Coash said his own mind-set on the issue began to change after he went to what he said was “a big party” near the state penitentiary in Lincoln during the state’s last execution. He was a college student at the time, and he went for the event, which had a band, food, drinking and was basically like a football tailgate with a countdown. On the other side of a security fence, he saw a group praying.
“After that event, I had some time to reflect on that,” he said. “It didn’t sit well with me. I didn’t like how I felt celebrating the state killing somebody.”
The state’s attorney general, Doug Peterson, was critical of the bill after it passed the legislature.
“There have been prior criminal acts in our communities, and I know there will be future criminal acts in Nebraska that will clearly warrant the use of the death penalty as a consequence of the criminal’s heinous, murderous acts,” Peterson said in a statement. “Without the ability to utilize the death penalty, the state has weakened its ability to properly administer appropriate justice.”
If the Nebraska bill does become law, anyone sentenced to death before it goes into effect will have their sentence changed to life imprisonment.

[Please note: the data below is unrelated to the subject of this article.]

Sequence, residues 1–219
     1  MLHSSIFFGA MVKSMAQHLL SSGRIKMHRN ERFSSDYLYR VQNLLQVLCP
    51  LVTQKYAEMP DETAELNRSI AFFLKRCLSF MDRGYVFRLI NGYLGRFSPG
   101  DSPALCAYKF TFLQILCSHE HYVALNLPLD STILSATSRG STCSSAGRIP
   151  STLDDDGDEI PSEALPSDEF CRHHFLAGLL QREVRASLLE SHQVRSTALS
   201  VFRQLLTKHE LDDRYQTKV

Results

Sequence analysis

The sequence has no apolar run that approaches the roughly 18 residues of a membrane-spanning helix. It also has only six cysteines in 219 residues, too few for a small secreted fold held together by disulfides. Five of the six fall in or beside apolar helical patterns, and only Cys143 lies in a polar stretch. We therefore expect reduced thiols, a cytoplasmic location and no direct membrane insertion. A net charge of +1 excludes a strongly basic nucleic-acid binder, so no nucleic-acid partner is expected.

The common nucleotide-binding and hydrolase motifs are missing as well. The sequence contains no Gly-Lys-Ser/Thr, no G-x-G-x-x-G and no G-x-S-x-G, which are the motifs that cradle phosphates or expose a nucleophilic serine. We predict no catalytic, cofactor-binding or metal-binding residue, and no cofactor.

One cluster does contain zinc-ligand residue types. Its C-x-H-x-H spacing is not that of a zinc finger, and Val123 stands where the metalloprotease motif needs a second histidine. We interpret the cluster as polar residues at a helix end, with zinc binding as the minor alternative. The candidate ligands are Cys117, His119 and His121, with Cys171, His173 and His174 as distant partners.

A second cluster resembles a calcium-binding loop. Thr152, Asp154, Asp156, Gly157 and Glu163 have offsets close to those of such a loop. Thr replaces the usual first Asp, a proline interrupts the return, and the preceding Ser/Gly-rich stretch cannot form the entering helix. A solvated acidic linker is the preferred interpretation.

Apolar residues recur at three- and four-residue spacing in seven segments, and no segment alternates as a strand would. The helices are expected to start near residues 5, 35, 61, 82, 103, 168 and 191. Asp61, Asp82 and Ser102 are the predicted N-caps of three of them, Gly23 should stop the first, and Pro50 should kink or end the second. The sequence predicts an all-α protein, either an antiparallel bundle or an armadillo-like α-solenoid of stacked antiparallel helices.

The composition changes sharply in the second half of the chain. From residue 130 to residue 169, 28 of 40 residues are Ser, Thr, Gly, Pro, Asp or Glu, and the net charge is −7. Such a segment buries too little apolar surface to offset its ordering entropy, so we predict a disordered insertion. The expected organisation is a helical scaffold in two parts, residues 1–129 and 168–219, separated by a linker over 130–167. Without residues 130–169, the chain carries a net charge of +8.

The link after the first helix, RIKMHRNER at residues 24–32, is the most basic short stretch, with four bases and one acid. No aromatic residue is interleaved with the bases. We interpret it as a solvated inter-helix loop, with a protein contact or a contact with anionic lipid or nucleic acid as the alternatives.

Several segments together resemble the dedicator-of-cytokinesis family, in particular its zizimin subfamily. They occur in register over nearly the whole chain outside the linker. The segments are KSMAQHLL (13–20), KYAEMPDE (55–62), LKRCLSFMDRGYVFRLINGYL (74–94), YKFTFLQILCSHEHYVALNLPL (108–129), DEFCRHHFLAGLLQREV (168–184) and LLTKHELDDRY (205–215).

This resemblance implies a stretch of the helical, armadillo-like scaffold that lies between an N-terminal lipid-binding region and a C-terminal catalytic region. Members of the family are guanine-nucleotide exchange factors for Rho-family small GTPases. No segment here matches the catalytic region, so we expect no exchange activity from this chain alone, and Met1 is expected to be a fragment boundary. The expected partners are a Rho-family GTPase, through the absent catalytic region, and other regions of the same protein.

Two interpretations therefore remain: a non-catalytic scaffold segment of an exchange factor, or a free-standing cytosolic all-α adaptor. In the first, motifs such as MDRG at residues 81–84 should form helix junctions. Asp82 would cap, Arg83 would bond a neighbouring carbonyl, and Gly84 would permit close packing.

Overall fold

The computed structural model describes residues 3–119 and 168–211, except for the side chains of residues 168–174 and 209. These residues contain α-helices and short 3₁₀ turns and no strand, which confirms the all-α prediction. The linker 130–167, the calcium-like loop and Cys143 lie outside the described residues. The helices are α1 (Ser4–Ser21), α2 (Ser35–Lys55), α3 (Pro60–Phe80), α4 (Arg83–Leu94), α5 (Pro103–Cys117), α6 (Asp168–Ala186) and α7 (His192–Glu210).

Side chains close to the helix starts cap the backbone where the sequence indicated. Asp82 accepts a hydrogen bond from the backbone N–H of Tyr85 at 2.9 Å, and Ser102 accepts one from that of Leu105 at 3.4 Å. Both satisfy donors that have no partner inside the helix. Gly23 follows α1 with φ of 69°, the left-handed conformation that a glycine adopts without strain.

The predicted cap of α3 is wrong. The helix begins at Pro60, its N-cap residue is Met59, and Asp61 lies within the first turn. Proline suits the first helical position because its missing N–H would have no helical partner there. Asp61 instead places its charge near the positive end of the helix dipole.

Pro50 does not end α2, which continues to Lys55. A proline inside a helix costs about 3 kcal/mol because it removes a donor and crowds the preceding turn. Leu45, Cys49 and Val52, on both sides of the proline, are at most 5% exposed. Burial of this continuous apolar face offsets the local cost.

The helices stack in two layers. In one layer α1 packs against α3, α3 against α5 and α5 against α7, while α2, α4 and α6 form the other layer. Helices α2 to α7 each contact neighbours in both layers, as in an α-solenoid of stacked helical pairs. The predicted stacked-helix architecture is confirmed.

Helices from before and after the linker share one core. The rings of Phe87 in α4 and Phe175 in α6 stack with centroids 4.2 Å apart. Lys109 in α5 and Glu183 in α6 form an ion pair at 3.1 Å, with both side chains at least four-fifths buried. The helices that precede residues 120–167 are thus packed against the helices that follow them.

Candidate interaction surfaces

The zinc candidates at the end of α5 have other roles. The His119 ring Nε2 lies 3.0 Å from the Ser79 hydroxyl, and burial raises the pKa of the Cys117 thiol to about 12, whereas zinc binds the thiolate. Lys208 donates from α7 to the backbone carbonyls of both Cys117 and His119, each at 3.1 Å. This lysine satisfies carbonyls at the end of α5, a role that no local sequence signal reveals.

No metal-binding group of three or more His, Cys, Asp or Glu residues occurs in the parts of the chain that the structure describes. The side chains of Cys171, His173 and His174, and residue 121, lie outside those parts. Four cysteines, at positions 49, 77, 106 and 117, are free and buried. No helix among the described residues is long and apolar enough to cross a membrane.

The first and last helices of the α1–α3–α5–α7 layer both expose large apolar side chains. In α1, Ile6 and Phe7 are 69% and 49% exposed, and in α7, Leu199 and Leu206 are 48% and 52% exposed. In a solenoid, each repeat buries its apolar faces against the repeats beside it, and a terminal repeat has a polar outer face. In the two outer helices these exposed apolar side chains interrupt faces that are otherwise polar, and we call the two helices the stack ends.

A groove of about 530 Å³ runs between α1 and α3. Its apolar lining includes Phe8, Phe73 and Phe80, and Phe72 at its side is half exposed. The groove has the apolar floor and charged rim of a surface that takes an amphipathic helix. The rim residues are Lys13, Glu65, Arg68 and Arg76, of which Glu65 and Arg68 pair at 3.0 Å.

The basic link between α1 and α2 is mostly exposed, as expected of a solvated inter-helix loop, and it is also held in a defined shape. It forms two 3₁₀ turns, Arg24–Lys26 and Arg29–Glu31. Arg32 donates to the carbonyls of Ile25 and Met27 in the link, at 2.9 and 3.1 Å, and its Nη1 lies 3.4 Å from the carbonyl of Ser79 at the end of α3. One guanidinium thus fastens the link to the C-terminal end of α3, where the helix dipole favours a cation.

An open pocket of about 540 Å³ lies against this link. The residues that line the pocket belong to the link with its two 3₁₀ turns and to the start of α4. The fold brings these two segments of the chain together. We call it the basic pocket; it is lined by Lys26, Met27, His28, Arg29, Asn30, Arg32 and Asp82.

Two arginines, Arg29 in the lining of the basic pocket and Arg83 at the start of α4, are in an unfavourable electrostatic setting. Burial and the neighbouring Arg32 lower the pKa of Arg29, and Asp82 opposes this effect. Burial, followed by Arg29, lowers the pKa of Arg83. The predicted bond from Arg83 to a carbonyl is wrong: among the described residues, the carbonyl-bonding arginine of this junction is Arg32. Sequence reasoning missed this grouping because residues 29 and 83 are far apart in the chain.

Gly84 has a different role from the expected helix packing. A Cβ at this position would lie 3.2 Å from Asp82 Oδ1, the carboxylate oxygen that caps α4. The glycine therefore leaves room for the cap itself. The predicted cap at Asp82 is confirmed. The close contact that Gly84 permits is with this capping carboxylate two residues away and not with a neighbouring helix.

There are 11 inmates currently on death row in Nebraska. The state’s death-row inmates are housed at Tecumseh State Correctional Institution, which is about an hour away from Lincoln, though executions are carried out in the basement of the state penitentiary, according to the Nebraska Department of Correctional Services.
Nebraska would be the 19th state to abolish the death penalty, according to the Death Penalty Information Center. Much of this movement has been recent, with six other states making the change since 2007.
Most of the states to abolish the practice recently have been those reasonably categorized as “blue,” like New York, Illinois, Connecticut and New Jersey.